Shelf Life

'Worcester Whirlwind'

Email|Print| Text size + By Jan Gardner
December 23, 2007

A century after Marshall "Major" Taylor of Worcester raced to international fame, his legacy is undergoing a revival. During the heyday of cycling at the turn of the 20th century, Taylor became the first African-American to win a world bicycling championship.

A native of Indiana, Taylor moved to Worcester in 1895 to escape racial intolerance. Yet whites protested when he bought a house in the city. Meanwhile, he was feted as a hero in Europe. A religious man, he refused to race on Sundays and faced racial taunts with stoicism. His life fell apart after he retired, and he died at age 53 in 1932, impoverished and alone.

In Taylor's adopted hometown, schoolchildren learn about his accomplishments and a statue of him has been commissioned. It is to be erected at the Worcester Public Library next year.

Two new books take a fresh look at the trailblazer. "Marshall 'Major' Taylor: World Champion Bicyclist: 1899-1901" (Lerner), by Marlene Targ Brill, has been published as part of a series of biographies for young adults. "Major: A Black Athlete, a White Era, and the Fight to Be the World's Fastest Human Being" (Crown), by Todd Balf, is due out in February.

Balf of Beverly is the author of books about epic adventures in Tibet and Panama, as well as "The Story of Manny Being Manny" for children. For his new book, Balf, a cyclist, was drawn to Taylor's quiet determination. "It's a very good tale for these times," he said.

A debut with feathers

"High Season" (St. Martin's) is a campy debut mystery set in Provincetown. What impresses Kate Mattes, owner of Kate's Mystery Books, is how well author Jon Loomis captures the town in all its out-there glory - from the drag queens to the fishermen to the denizens on Commercial Street. Clearly, Loomis, who lives in Wisconsin, made the most of his time during two fellowships at the Fine Arts Work Center in Provincetown.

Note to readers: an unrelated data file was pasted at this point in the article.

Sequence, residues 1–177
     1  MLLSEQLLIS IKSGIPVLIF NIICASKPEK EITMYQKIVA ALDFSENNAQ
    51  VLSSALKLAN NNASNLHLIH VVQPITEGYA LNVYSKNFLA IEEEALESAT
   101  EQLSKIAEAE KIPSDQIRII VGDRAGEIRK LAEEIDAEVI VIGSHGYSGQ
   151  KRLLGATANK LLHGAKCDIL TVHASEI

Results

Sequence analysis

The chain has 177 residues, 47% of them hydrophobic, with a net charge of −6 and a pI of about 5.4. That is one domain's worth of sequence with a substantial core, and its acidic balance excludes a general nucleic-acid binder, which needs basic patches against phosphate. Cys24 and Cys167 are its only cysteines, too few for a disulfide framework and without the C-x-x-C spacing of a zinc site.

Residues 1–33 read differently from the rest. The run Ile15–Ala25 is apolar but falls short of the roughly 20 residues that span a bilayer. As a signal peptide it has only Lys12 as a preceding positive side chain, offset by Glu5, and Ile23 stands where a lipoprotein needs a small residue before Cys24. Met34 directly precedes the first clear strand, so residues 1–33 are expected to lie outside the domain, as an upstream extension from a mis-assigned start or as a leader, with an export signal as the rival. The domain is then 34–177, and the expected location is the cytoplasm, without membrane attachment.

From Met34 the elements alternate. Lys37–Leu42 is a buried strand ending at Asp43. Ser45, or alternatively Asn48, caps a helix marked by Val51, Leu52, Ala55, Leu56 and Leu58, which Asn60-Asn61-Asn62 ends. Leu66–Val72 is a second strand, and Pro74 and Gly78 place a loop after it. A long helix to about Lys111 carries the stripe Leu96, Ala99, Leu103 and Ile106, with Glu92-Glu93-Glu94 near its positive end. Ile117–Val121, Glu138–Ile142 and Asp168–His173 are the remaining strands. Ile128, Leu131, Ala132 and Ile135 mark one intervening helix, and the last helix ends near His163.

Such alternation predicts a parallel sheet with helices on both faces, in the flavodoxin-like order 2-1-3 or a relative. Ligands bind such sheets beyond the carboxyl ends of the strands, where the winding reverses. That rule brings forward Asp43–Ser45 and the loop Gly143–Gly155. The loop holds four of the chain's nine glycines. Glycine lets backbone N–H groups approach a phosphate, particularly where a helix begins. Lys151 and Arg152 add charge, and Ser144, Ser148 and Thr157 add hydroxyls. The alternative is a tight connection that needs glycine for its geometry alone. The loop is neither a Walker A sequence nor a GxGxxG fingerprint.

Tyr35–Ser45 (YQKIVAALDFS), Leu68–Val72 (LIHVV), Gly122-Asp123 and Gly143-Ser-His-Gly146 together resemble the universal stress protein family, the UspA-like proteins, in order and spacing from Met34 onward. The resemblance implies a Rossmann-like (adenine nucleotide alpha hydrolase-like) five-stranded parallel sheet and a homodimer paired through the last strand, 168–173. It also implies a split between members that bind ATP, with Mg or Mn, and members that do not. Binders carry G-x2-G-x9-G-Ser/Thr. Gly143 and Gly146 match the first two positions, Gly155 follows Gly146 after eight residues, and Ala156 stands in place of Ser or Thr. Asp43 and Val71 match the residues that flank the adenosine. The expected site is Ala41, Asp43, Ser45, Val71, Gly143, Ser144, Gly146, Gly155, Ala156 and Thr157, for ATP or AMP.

Cambridge connections

New Hampshire may lay claim to Robert Frost and Maine to May Sarton, but both literary icons have deep roots in Cambridge. Frost owned a house there for 22 years; Sarton attended Cambridge High and Latin School, wrote for the school's review, and later taught at Harvard and Radcliffe. Michael Kenney's essay about the city's literary life is part of a new collection, "Cambridge in the Twentieth Century: A City's Life and Times " (Cambridge Historical Society), edited by Daphne Abeel. The book itself - with essays on folk music, politics, immigrants, and religion - may be a thing of the past before too long, because only 750 copies were printed.

Coming out

  • "Operation Broken Reed: Truman's Secret North Korean Spy Mission That Averted World War III," by Arthur L. Boyd (Carroll & Graf)

  • "Hand of Evil," by J. A. Jance (Touchstone)

  • "The Spectrum: A Scientifically Proven Program to Feel Better, Live Longer, Lose Weight, Gain Health," by Dean Ornish (Ballantine)

    Pick of the week
    Samantha Hoyt Lindgren and Don Lindgren, co-owners of Rabelais in Portland, Maine, recommend "The Kitchen Diaries" (Gotham), by Nigel Slater: "He writes in a universal voice about eating locally, seasonally, and intuitively. This is our current favorite book, an entertaining read with fantastic recipes that are delicious and approachable."

    Jan Gardner can be reached at

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